come by gas and is in a critical condition.
Frank Rollins was overcome in rescuing
him. It is supposed a pocket of natural
gas was released by a blast of dynamite.
—Dr. H. A. Surface, of Susquehanna
University, has determined to be a candi-
date for the State Legislature on an inde-
pendent farmers’ ticket in Snyder county.
He lost the nomination on a technicality
because votes of Susquehanna University
students who have been voting illegally
for years were thrown out at the instance
of his opponent.
—On his way home from the Geissinger
hospital, where his wife is a patient, Rog-
er Wainwright, of Lewisburg, ran into a
horse driven by a woman out of a lane di-
rectly in the path of his automobile. The
horse was so badly hurt it had to be kill-
ed. Wainwright's machine was damaged
and he suffered three broken fingers, be-
sides cuts from the broken glass of the
—During an electric storm at Middle-
burg, Snyder county, last Thursday, light-
ning struck the residence of John Winey. .
The chimney was demolished and bricks
thrown 200 feet. Eight windows were
shattered and dishes in the kitchen cup-
board were smashed to fragments. Even
inlaid linoleum en the floor was torn to
bits, it was said. The family was absent
at the time.
—After having extracted seven teeth for
Howard Breiner, 40 years old, of near Naz-
areth, last Friday, Dr. C. M. Koontz, a lo-
cal dentist, was surprised to find his pa-
tient dead. Deputy coroner Clarence Ru-
loff, who made an investigation, learned
that Breiner was subject to severe attacks
of asthma, and gave a certificate that death
was due to heart failure, absolving doctor
Koontz from blamed.
—Harry J. Straub, 51 years of age; his
daughter Alva, 14, and her chum, Mary
Kuski, 17, all of Shamokin, on Sunday
drove to Bluff Point, a mile below Cata-
wissa, for an outing. The girls removed
their stockings and began wading in the
river, when they encountered a bar of
quicksand. Drawn by their cri's, Straub
went to their rescue and all three were
drowned. The bodies were recovered.
—MTrs. Mary Gross, of Bethlehem, who is
86 years old, lays claim to being one of
the oldest, if not the oldest, woman Sun-
day school teacher in Pennsylvania ‘and
perhaps in the United States, still in active
service. Mrs. Gross began teaching in Sa-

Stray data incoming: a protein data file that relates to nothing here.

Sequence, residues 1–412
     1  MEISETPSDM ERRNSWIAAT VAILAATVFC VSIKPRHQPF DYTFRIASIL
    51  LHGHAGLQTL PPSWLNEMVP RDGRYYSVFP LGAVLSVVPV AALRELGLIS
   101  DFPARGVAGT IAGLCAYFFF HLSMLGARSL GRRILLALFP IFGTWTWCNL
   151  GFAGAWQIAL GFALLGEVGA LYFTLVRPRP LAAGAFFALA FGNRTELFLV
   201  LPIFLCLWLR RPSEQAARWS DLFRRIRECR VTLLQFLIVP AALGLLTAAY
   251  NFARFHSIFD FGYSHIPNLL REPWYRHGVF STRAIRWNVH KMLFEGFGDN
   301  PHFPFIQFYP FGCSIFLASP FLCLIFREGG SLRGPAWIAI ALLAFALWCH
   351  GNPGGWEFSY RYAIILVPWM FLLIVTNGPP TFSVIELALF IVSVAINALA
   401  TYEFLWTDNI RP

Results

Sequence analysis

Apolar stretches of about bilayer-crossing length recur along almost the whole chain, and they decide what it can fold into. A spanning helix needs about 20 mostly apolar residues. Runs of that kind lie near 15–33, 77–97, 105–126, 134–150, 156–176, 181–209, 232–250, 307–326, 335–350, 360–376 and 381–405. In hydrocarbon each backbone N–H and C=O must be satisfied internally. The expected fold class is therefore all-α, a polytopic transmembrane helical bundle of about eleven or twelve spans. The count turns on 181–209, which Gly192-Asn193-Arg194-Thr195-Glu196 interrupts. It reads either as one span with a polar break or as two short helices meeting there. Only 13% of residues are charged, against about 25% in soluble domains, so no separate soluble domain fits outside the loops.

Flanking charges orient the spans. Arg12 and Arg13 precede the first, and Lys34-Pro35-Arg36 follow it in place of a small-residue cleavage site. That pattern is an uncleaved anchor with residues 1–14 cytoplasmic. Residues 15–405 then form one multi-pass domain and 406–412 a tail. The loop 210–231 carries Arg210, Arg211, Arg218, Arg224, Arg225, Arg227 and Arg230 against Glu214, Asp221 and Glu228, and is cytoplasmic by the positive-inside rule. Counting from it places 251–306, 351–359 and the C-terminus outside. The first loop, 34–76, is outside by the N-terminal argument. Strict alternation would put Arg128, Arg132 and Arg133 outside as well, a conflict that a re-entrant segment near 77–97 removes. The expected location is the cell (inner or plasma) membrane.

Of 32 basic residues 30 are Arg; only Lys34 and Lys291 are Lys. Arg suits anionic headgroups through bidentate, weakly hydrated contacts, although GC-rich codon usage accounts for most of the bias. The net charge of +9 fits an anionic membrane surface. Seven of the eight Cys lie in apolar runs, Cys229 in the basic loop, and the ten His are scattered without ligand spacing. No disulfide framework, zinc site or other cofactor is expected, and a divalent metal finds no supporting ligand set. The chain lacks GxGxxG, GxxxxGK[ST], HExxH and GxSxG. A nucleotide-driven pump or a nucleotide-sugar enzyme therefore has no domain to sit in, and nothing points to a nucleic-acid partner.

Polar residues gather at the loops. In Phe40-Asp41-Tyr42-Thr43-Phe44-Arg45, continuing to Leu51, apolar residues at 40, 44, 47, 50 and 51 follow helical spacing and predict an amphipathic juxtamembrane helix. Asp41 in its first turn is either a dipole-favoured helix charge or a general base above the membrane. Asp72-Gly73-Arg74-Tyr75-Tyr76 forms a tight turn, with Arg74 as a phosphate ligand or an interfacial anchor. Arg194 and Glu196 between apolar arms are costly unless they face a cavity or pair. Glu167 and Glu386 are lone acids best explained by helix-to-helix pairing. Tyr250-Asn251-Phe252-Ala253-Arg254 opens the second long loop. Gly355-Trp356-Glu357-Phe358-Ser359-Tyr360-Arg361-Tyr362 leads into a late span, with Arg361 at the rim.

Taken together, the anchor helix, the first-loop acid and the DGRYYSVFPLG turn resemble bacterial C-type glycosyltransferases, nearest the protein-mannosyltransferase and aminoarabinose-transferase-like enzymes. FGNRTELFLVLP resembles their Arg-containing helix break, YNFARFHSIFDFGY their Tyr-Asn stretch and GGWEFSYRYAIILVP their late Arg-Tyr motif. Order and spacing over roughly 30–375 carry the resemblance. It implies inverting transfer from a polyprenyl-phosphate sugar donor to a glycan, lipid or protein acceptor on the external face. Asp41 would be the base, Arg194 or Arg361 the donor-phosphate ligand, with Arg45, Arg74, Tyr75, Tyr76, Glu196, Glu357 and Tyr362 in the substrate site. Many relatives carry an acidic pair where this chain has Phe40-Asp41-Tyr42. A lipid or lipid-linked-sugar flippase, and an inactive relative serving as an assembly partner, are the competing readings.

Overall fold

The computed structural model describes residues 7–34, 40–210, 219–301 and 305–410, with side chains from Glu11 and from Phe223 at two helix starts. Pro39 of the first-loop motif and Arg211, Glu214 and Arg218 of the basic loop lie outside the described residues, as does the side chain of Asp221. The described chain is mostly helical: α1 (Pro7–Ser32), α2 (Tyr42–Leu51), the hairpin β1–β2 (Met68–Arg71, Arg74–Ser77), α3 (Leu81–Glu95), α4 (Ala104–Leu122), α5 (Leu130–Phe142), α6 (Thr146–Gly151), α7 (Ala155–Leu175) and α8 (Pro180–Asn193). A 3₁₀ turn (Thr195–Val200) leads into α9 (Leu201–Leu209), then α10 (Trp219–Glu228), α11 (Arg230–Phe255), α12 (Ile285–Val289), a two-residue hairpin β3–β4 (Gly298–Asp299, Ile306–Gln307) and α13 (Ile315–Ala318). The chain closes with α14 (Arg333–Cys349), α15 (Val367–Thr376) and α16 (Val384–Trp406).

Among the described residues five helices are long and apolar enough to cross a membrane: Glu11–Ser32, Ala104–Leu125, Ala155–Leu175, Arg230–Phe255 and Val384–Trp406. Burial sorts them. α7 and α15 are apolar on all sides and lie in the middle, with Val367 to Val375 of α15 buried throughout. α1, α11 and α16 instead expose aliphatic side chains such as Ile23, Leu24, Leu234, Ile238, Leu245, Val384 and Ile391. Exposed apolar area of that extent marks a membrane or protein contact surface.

lem Lutheran Sunday school at Bethlehem
in 1850 and, with the exception of a period
of eight years, during which time she lived
elsewhere, she has taught continuously.
Secretary of Agriculture Fred Rasmus-
sen is to make a tour of McKean, Clearfield
and other counties in the interest of a
movement to bring back Pennsylvania's
old-time grazing activities. He will ac-
company a number of men interested in
raising beef cattle through parts of those
and ‘adjoining counties, to inspect soil con-
ditions and see if farms and cleared land
which are available but not under cultiva-
tion can be utilized for raising of cattle.
—Caught by his feet in a belt while he
was putting it on a high-speed flywheel at
a coal digger operating along Shamokin
creek, on Monday, William Refeor, 29 years
old, was so badly injured that he died
within an hour at the Mary M. Packer hos-
pital. Workmen found him with a broken
skull and broken legs suspended by his
feet in the shafting, head downward, over
deep water. He was still conscious and
vainly trying to extricate himself, they
—A. M. Stine, a Clearfield lumberman,
closed a deal on Monday last, whereby he
became the owner of a tract of timber,
part of which is located in Curwensville
borough, which contains nearly five hun-
dred thousand feet of saw timber. The
purchase was made from Hugh M. and
Elizabeth Irvin, the timber lands being a
part of the Col. E. A. Irvin estate. Mr.
Stine is arranging to move his mill to
Curwensville and will begin the work of
cutting the timber at once.
—Charging a violation of the prohibition
laws when prominent citizens of Shamokin
and Sunbury broke a bottle of champagne
on a new state road last Friday night, a
celebration commemorating the opening of
the last link of a $300,000 state highway, a
young man, who gave his name as J. L.
Smith, of the Scranton prohibition office,
sought information on Saturday as to its
ownership and who transported it. Mayor
Drumseller declared he did not know, and
the sleuth went on to Shamokin in search
of a clew.
—Women complaining to the State bu-
rrau of elections against assessment of
taxes when they own no property have
been referred by chief George D. Thorn to
State laws on the subject, and, where they
complain of inequality, to county commis-
sioners. A number of complaints have
been received the last few weeks from
women who protest to the state authorities
against being required to pay taxes. They
have been informed the laws have made
them citizens, and the State can make no
—~Sudden and unexpected spread of diph-
theria at Pottsville is declared by Dr. Hen-
ry Dierscheld, president of the board of
health, to be due to people disregarding
quarantine of homes where the disease ex-
iets. An epidemic is feared. That the dis-
ease if of a serious type was evidenced en
Sunday by the death of Catharine Spino,
a girl, who had apparently recovered, but
whose heart was suddenly affected. She
was a daughter of Frank Spino, who was
killed a year ago when a companion gave
him a poisonous drink.
—Holding a revolver to the head of
George Manis, a Pottsville business man, a
highwayman took $150 and his gold watch
on Sattirday’ night. The robbery took
place on, Market street, only 10 yards
away from the home of chief of police
James Moyer, who lost no time in getting
on the trail of the bandit, who, however,
left no clue. Women saw the robbery, but
thought Manis was only peaceably talking
with the bandit. The latter addressed
Manis by name and after asking him how
his business: prospered, ordered him to
hand over his cash. The bandit rode on
the same trolley car with Manis prior to
the robbery, and got off with his victim.
The hold-up instantly followed.